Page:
2013 Thurman Bicentennial Calendar
Education: Some college for business management and hotel/restaurant management
Professions: 25 years of restaurant management
Experience: Business experience in running multi-million-dollar restaurants
Family: Husband, David; four sons, Jack, Madison, James, Jayden
Education: Masters in theater from City University of New York
Professions: Thurman Town Justice; current assistant librarian at Johnsburg Library; teaches workshops, directs and acts for local theater companies; former theater professor at SUNY Adirondack; office manager for several large companies in NYC; licensed tour guide for NYC
Experience: Current Thurman Town Justice
Three candidates are hoping to take a vacant seat on the Thurman Town Board.
The seat is currently held by Bob Hitchcock, who took over the position for his wife, Rebecca, who died last May.
The election is for a one-year term on the board and will be subject to another election in 2013.
Lisa-Marie Binder, Gail Seaman and Filomena Riviello, who is serving as Thurman Town Justice through Dec. 31, are competing for the seat.
Sheila Flanagan is the write-in candidate for town justice to succeed Riviello.
Binder and Riviello both said they would bring something new to the town board if elected.
Seaman and Flanagan could not be reached for this story.
Binder said her inspiration to run came from a recent conversation with her father-in-law.
“I was talking to my father-in-law one day and I made a comment about the town, and he said, ‘Why don’t you just do it? Put your money where your mouth is,’” binder said. “I’m hoping I can put myself out there and make a change for the community.”
After running several million-dollar restaurants, Binder thinks she has the skills to serve as a town board member.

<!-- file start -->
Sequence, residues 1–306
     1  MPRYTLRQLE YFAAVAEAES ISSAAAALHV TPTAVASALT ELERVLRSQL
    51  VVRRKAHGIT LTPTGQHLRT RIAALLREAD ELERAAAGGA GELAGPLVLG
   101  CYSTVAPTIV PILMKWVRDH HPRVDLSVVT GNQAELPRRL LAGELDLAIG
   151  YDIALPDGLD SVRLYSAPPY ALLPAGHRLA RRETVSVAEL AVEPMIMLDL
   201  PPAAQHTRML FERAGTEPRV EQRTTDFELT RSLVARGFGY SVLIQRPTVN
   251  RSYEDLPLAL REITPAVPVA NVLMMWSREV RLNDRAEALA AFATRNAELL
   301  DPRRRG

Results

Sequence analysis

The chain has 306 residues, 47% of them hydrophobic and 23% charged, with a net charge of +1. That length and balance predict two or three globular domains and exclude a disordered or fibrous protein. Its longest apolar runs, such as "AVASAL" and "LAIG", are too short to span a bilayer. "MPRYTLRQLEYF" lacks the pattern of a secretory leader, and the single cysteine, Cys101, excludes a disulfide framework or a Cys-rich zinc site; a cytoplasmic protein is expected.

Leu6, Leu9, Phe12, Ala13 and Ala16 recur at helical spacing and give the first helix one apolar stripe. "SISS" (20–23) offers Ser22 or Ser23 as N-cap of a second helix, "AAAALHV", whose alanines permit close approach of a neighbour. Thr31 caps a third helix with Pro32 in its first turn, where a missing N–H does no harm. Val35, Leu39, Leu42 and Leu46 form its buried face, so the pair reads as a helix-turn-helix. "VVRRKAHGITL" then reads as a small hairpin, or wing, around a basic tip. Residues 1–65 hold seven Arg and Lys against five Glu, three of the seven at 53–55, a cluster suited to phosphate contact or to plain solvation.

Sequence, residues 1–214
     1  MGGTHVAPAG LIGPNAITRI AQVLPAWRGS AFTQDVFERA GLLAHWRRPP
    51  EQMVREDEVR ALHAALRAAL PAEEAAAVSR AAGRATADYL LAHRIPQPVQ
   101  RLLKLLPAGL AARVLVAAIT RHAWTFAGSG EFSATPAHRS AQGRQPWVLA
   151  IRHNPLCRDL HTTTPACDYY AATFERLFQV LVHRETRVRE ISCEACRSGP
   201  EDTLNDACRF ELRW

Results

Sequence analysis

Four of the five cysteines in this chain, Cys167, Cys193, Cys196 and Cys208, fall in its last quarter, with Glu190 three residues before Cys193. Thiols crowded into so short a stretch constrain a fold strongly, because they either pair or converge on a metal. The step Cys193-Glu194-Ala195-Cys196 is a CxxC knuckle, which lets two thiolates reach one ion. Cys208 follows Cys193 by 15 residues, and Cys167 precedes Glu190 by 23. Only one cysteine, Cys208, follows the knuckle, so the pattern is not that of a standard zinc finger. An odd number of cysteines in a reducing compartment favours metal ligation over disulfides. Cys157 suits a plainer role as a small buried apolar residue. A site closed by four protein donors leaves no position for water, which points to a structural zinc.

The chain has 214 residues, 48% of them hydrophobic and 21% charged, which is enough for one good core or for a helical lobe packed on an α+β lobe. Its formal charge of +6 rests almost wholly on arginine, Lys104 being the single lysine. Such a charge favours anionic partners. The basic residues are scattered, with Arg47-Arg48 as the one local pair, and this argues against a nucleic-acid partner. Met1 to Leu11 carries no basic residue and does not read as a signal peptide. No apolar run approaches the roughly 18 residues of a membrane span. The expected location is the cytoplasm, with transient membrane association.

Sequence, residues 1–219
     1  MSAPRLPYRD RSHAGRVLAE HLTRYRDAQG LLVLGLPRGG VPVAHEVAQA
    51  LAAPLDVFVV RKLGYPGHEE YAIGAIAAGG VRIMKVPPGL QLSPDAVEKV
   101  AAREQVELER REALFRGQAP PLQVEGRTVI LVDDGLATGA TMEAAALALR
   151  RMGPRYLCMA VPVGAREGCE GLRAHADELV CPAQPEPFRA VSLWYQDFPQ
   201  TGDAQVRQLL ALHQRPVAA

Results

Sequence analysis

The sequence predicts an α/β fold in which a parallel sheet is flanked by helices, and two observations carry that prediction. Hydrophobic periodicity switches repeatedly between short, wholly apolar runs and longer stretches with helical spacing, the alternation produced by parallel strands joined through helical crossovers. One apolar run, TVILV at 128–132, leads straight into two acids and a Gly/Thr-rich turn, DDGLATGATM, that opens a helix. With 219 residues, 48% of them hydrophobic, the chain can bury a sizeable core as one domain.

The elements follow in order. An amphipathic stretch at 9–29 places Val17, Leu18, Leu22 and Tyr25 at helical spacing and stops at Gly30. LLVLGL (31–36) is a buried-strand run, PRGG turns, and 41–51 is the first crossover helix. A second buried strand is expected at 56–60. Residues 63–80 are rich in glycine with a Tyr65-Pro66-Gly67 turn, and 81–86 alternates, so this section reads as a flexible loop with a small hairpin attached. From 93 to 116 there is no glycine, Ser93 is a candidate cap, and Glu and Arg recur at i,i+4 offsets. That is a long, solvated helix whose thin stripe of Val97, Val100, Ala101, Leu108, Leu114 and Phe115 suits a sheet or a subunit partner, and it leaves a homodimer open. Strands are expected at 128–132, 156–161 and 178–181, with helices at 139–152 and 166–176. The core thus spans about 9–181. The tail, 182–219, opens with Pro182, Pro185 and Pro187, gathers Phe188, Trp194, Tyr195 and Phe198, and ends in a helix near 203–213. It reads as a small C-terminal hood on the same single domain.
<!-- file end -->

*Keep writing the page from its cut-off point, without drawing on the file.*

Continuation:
“I think the most staff members I’ve had at one time was 150-200,” Binder said. “I always tried to think outside the box and try to figure out what’s best for everyone involved. Honesty, courtesy and respect are three core ideologies I use in making decisions.”
According to Binder, change needs to start within the community, something she hopes to enact.
“I want to get out there and be part of the new generation, and be involved to get people more people involved in the community,” Binder said. “You have to get involved in order to make an impact.”
Riviello, a write-in candidate for this election, said that being an independent candidate is one of the greatest assets to her campaign.
“I think it’s important to have an independent voice and someone who’s not from here,” Riviello said. “The politics here usually involve families that have been here for generations, and I don’t have any of those connections. I think that’s one of the reasons I was elected as town justice—people like having somebody completely independent.”
Riviello said “a fair budget that allows for the needed services of the town” is the biggest issue facing Thurman right now.
“Right now, the way the budget looks, there are things that are absolutely unnecessary, and those are being held up as more important than the services to the town,” Riviello said.
She credits her current position as town justice with being instrumental in helping her see what needs to be done in Thurman.
“I think my four years as town justice has made me very aware of some of the problems and possibilities of this town. Plus, I live here and I love the community and I love my neighbors, and I think that as long as I’m here I’m going to try to contribute something.”